by Daniel Nkado
My grandmother passed away today.
Oh please don’t say sorry to me, I’m not that very sad.
She’d died a fulfilled woman.
Two months before her eventual passing, I sat beside her on her bed and asked her what she really was missing most.
To my surprise, she smiled her crooked smile and said to me: ‘Nothing.’
‘Nothing?’ I said, surprised.
She told me she was very happy not because she was able to do all the things she’d set out to do in life—she doesn’t believe anybody actually could—but that she was able to do all the things that mattered to her.
The things that made her happy.
‘My father, your great grandfather,’ she said to me, ‘died regretting.’
‘Why, Nne?’ I asked her. ‘People say he was very successful in his time.’
Grandma nodded. ‘Yes, he was a very successful man, and also quite famous too. But he’d only done the things people expected of him to do. He’d spent all his life fighting all his enemies. Counting all his yams, and goats and chickens and cows! Screaming at all his wives and children, to keep them in order. Setting great targets for tomorrow, tomorrow that never ends! Tomorrow that he lived in constant fear of! Tomorrow that he dreaded so much!‘
‘He left a huge accumulation of unfulfilled dreams behind. A backlog of travels he could have made. All the places he could have visited. People he could have hung out with. Smiles and laughter he could have had. Photos he could have taken. All what was in his wooden box at the time of his death were things he didn’t have that much connection with. Things that felt foreign to him. Things that mattered to others, but not to him.’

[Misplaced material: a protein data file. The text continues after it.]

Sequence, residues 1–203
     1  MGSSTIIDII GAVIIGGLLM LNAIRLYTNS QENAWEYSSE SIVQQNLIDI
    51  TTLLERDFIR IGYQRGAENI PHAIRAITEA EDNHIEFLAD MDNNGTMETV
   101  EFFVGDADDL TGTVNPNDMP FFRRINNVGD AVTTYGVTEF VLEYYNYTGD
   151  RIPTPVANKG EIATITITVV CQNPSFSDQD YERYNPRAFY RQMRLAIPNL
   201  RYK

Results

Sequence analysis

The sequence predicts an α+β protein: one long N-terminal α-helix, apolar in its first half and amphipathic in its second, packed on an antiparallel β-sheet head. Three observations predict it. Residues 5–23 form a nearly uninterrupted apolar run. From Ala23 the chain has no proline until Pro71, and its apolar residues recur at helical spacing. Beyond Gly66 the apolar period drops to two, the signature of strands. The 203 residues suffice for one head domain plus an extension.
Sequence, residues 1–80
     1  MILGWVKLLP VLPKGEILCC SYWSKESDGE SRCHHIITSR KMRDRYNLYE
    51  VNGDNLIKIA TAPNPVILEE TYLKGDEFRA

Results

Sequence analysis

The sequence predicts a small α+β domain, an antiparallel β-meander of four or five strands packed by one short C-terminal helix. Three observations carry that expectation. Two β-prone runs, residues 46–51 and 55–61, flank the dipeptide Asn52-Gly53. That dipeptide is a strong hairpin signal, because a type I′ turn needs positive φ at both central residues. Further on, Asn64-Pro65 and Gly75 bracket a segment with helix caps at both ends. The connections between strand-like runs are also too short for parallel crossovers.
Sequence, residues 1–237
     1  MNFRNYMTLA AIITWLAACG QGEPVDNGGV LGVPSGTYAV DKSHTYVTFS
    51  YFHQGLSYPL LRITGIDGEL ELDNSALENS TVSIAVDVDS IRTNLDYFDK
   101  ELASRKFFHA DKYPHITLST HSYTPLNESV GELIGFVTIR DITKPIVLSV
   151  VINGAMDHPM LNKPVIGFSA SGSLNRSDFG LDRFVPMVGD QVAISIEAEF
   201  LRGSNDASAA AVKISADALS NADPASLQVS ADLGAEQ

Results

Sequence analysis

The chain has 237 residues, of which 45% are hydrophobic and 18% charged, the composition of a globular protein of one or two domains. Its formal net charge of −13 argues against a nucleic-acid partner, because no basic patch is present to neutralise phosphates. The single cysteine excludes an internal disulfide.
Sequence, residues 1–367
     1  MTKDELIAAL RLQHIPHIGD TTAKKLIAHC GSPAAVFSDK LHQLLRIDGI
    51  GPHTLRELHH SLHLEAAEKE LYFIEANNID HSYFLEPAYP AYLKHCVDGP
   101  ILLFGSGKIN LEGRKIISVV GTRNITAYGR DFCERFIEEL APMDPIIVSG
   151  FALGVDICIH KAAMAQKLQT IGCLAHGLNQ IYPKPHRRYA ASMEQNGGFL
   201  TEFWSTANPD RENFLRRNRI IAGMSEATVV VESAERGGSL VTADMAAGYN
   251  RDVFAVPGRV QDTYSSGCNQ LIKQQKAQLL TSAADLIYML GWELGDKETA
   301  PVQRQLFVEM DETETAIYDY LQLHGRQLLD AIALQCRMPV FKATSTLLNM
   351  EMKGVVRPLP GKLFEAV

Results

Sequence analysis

‘And just then,’ Grandma continued, ‘was when I decided I was never going to be like my father.’
I shifted closer to her now.
Grandma held my hand before continuing. ‘I will see the world, I decided.’
‘I will dance naked in the lake while I still can.’
‘I will eat my favourite dishes and braid my favourite isi owu.’
‘I will do all the things I love and not bother if people sneered, or gossiped or hissed.’
‘And while doing all these things, I will take enough photographs, like I have done now, so that when a time like this eventually comes, and I always knew it surely will, I will remember those fun things that I have done and smile on and on!’
‘So are you fulfilled, Grandma?’ I asked her. I could feel some trembling in the nerves of her hand.
Grandma managed to show surprise. ‘Do you dare to ask?’ she said. She slowly lifted her wrinkled arm, intending to point. ‘Pull out that drawer,’ she said. ‘Bring out my album and have a look at all the fun that I have had!’
I reached for the drawer, pulled it out and carried the heavy collection of photos, most of them undersized and in black and white.
I didn’t finish looking at all the photos.
I stopped when right as it hit me that in my over 35 years of life, I actually have no photos of my own to show.
None in my album, none in my head.
I stood and told grandma to allow me to come.
‘Where are you headed?’ she asked me.
I inhaled deeply. ‘To create some memories of my own!’ I told her.
At the door, Grandma called me: ‘Obiageli?’
I turned. ‘Nne?’
‘In this deficient world where being sad is extremely inexpensive, do not trade your source of happiness for anything, my dear!’
I nodded. ‘Thank you, Nneoma.’
And off I went, into the world!
I allowed people to stare at me. I waved at a few and winked at some.
And when the tender covering of the night came, I finally said to Obinna, ‘I am ready!’